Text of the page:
Helping out a friend
As an act of charity and concerned that she would feel lonely without us, my friend Nancy and I accompanied our friend Noreen to a workout class this morning. There was no need: half of our former yoga class was in attendance.
Assured that Noreen was not alone and overwhelmed by the equipment we were expected to collect, Nancy suggested we bail before the class started. Good Midwesterners that we are, we stayed to fulfill our commitment.
We settled into the back of the gym as Noreen, ever the teacher, distanced herself from us, scrambling toward the front. We were stuck.
Okay, it was good exercise
I admit we had a workout. But after an hour of struggling to follow disjointed instructions, I hit my mental ceiling. Only the piles of equipment, evidence as to our presence, kept us from slinking out. Good Midwesterners that we are, we remained to clean up the mess.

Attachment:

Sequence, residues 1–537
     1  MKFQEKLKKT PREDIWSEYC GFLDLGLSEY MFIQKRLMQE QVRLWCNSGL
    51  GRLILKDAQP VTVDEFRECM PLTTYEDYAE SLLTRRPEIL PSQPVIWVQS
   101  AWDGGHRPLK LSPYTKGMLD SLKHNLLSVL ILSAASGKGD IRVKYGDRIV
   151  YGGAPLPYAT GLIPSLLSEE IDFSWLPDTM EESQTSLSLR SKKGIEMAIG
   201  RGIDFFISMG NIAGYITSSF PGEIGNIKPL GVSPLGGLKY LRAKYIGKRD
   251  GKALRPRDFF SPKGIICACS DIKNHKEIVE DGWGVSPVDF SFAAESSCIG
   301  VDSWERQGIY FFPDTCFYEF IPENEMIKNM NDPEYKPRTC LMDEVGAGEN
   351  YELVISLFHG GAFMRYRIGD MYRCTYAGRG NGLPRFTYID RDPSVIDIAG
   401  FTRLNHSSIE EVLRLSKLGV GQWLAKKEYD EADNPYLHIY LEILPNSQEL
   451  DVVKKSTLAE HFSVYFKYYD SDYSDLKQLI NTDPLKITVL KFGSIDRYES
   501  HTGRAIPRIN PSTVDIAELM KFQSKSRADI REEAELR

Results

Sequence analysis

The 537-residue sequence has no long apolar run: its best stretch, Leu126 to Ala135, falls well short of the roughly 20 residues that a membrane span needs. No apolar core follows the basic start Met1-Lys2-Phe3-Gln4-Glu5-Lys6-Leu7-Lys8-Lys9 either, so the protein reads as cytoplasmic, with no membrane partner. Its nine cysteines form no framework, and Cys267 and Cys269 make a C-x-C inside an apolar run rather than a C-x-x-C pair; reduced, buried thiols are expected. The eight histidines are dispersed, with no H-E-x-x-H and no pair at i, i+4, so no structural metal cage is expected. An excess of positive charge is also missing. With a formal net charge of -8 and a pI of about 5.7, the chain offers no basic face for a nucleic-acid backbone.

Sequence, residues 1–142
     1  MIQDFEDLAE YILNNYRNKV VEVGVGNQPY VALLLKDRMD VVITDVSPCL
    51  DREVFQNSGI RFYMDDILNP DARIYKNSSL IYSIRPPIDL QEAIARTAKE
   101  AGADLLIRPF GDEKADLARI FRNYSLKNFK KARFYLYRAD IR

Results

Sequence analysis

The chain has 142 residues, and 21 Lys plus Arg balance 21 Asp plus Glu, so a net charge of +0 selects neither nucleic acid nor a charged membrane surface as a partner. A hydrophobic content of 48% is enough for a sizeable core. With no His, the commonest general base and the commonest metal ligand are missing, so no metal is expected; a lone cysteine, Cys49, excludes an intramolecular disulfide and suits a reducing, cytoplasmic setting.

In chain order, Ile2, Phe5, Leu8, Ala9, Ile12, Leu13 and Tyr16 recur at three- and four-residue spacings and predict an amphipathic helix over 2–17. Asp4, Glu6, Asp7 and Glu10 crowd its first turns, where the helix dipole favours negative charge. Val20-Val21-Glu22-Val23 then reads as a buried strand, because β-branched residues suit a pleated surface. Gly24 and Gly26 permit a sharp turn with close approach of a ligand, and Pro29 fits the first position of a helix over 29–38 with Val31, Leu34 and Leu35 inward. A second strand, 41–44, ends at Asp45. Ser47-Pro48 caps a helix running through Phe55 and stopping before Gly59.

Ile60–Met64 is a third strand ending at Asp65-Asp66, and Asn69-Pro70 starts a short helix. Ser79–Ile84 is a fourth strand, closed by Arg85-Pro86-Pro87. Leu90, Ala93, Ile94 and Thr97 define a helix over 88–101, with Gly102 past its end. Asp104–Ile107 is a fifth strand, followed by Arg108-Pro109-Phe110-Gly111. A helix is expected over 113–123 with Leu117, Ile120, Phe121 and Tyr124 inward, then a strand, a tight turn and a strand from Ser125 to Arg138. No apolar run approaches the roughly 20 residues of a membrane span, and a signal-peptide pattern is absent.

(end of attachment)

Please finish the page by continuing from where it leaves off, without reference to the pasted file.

I spent the final 15 minutes relaxing and stretching while contemplating the coffee I would order when released.
I have my limits
During the 80s, after many sessions, I walked out of an aerobics class, unable to focus on the exercises. The repetitive jumping and writhing seemed senseless, benefiting the instructor more than the students.
My mind’s inability to attend any activity longer than an hour seems to get more pronounced with age. Normally I break monotony with a walk outside or a spontaneous outing, both options limited by summer heat and Covid restrictions.
For now, I will avoid classes that run over 60 minutes. Or plan my escape ahead of time.
Good Midwesterner that I am, I wouldn’t want to disappoint anyone.